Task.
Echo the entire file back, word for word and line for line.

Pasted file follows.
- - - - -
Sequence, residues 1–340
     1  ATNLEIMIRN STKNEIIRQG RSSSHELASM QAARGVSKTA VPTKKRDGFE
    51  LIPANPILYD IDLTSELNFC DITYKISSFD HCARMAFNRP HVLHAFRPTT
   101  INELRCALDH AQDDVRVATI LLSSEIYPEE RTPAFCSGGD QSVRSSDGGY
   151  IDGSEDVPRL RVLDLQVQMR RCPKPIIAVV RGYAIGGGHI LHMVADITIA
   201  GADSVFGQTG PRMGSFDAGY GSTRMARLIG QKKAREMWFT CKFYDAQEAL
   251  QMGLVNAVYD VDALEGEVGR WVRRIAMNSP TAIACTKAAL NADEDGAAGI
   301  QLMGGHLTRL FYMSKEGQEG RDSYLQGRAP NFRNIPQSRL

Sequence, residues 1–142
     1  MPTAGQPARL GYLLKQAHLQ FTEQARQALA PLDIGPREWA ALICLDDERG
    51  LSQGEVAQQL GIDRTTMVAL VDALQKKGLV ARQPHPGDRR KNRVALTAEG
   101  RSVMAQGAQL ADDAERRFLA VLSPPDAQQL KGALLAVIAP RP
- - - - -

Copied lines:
Sequence, residues 1–340
     1  ATNLEIMIRN STKNEIIRQG RSSSHELASM QAARGVSKTA VPTKKRDGFE
    51  LIPANPILYD IDLTSELNFC DITYKISSFD HCARMAFNRP HVLHAFRPTT
   101  INELRCALDH AQDDVRVATI LLSSEIYPEE RTPAFCSGGD QSVRSSDGGY
   151  IDGSEDVPRL RVLDLQVQMR RCPKPIIAVV RGYAIGGGHI LHMVADITIA
   201  GADSVFGQTG PRMGSFDAGY GSTRMARLIG QKKAREMWFT CKFYDAQEAL
   251  QMGLVNAVYD VDALEGEVGR WVRRIAMNSP TAIACTKAAL NADEDGAAGI
   301  QLMGGHLTRL FYMSKEGQEG RDSYLQGRAP NFRNIPQSRL

Sequence, residues 1–142
     1  MPTAGQPARL GYLLKQAHLQ FTEQARQALA PLDIGPREWA ALICLDDERG
    51  LSQGEVAQQL GIDRTTMVAL VDALQKKGLV ARQPHPGDRR KNRVALTAEG
   101  RSVMAQGAQL ADDAERRFLA VLSPPDAQQL KGALLAVIAP RP